Kimberly Magrini, JD ’10, had contemplated specializing in environmental law when she started a summer associate position at Ballard Spahr, LLP (Ballard) during her second summer at Kline School of Law. Magrini, an Alabama native, was well suited for it, after all. Before starting law school, she had completed a master of science degree in environmental science at Drexel University.
However, during her summer at Ballard, Magrini found herself drawn to the public finance sector, changing the trajectory of her career.
On January 4, 2021, a little over a decade later, Magrini made partner at Ballard, where she works in public finance and counsels investment banking firms and investors, municipalities, issuers, and trustees in all types of public finance and municipal securities transactions.
As part of Kline Law’s ongoing series “Alumnae Rising,” Magrini recently answered a few questions about her path to making partner.
Please talk about your journey to becoming partner:
I would say once I started the journey at Ballard, becoming a partner was always in the back of my mind, and as I came to be a more senior associate, it became a concrete goal. There weren’t really specific steps I took to meet that goal, but more like making sure my work product (whether delivered to partners or to the client directly) was mistake-free and a polished final product, taking the time to learn as much as I could about all aspects of a deal, both substantive and in terms of client development and relationships, volunteering for opportunities to speak or write articles or e-alerts to help raise my profile and Ballard’s profile, and working on maintaining and growing relationships with clients across the industry and also with colleagues and fellow public finance lawyers.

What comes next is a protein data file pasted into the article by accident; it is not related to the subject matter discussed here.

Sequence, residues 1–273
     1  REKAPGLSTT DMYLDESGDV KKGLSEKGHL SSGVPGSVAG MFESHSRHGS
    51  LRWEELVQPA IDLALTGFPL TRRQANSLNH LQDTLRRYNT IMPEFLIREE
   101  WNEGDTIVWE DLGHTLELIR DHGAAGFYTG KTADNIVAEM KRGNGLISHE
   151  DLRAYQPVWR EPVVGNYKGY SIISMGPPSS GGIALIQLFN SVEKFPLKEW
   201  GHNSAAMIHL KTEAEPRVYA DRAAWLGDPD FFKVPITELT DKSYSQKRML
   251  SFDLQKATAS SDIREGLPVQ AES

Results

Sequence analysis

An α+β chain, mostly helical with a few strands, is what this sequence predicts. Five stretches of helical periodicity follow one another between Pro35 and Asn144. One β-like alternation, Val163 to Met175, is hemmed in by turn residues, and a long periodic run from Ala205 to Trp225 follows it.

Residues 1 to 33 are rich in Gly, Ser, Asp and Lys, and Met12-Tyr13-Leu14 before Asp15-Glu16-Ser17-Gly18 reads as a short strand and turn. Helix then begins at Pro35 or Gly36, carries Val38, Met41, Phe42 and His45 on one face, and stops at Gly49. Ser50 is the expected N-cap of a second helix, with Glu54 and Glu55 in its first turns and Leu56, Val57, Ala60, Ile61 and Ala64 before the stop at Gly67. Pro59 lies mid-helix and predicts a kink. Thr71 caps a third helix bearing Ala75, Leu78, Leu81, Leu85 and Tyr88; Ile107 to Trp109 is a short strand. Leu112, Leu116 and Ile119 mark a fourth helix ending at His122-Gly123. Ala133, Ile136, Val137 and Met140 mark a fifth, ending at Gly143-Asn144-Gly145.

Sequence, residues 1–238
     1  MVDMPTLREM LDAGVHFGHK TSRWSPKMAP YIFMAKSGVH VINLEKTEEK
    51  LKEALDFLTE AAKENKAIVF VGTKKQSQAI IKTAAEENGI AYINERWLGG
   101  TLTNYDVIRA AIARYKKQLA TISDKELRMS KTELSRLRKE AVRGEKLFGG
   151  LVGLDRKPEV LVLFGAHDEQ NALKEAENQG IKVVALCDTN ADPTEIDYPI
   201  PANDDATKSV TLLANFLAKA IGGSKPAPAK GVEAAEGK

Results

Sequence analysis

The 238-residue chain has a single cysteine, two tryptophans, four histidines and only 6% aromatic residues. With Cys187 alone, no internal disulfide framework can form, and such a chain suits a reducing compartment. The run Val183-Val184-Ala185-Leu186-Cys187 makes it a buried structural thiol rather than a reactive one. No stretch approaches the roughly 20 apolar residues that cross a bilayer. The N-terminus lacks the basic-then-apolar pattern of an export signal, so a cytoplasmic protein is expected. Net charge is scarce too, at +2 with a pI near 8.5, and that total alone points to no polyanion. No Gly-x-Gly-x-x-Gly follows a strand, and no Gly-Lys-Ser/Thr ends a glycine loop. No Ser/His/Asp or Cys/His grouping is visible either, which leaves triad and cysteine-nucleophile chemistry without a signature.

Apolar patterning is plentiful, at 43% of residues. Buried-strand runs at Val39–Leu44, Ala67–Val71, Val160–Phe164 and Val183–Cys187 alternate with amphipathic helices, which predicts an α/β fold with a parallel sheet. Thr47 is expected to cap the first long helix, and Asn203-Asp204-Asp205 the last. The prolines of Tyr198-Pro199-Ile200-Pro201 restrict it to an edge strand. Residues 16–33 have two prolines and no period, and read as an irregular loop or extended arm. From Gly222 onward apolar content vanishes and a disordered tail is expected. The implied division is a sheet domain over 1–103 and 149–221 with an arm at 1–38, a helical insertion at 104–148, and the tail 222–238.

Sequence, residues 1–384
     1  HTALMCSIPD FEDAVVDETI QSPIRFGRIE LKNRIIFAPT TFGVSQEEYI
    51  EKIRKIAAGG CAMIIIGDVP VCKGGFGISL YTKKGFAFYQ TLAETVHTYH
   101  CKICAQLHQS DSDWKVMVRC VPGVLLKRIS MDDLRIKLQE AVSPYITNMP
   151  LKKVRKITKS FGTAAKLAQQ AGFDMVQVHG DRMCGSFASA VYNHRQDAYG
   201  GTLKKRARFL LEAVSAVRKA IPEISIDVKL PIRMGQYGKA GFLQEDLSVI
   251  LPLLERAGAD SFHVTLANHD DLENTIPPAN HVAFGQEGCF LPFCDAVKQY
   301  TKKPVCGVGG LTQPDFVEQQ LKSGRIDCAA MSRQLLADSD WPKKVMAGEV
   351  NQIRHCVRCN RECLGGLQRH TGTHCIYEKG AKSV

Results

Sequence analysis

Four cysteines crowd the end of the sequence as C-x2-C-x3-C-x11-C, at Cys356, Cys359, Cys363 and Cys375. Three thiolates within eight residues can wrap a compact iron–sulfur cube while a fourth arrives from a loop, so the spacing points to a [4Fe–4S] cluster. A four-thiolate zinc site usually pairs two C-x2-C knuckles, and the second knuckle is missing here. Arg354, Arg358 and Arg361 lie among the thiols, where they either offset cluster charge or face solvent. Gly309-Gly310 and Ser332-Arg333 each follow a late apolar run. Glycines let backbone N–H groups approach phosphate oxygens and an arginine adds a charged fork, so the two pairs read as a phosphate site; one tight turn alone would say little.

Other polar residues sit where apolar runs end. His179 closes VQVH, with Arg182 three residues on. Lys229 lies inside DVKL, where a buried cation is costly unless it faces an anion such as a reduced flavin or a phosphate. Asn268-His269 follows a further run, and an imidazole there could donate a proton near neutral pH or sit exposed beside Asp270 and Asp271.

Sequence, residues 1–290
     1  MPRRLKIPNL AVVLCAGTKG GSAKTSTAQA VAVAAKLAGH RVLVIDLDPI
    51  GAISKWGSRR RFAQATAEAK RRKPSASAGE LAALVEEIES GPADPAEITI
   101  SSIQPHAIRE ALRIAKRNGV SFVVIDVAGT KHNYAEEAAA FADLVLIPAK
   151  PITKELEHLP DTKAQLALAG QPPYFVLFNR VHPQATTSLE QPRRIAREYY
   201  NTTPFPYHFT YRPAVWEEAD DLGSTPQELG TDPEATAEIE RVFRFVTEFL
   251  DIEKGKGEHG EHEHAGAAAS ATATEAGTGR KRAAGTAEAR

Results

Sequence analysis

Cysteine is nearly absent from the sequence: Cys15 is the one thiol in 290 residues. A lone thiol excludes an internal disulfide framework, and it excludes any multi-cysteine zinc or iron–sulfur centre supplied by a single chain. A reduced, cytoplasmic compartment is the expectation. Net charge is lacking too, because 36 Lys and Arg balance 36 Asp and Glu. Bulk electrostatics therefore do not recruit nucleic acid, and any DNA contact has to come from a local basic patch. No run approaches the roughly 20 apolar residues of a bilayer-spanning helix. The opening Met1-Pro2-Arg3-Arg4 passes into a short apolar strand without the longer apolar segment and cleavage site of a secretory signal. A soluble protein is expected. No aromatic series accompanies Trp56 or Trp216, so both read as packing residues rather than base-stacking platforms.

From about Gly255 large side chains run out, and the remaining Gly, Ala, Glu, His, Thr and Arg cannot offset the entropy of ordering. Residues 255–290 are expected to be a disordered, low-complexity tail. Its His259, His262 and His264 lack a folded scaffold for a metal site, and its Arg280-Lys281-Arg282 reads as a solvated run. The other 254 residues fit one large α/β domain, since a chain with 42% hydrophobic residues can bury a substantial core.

What advice would you give a student or alumni interested in becoming a partner?
I got some advice as a very junior associate that I took to heart and I think made a big difference in my approach to work from the beginning: “as a junior associate, your clients are your partners.” This helped me realize that every piece of work I produce or work on should be a reflection of my work ethic. In addition to work product, I think being a partner involves paying attention to client concerns and broader industry developments so you can be of assistance to clients when new trends are developing or new issues arise.
What are the main skill sets you need to thrive as a partner?
Well, I’m just starting my journey as a partner! But I think time management, intellectual curiosity, attention to detail, and a desire to understand client concerns are big ones.
What has been your experience in practicing your area law?
With a background in science (rather than finance), I have found the breadth of the public finance practice area amazing (we finance anything from hospitals and universities to toll roads and airports to housing and bioenergy recycling facilities) and constantly growing and changing.
Now that you’ve made partner, what’s next on your horizon?
I’d like to continue to build my practice and become an expert in my area.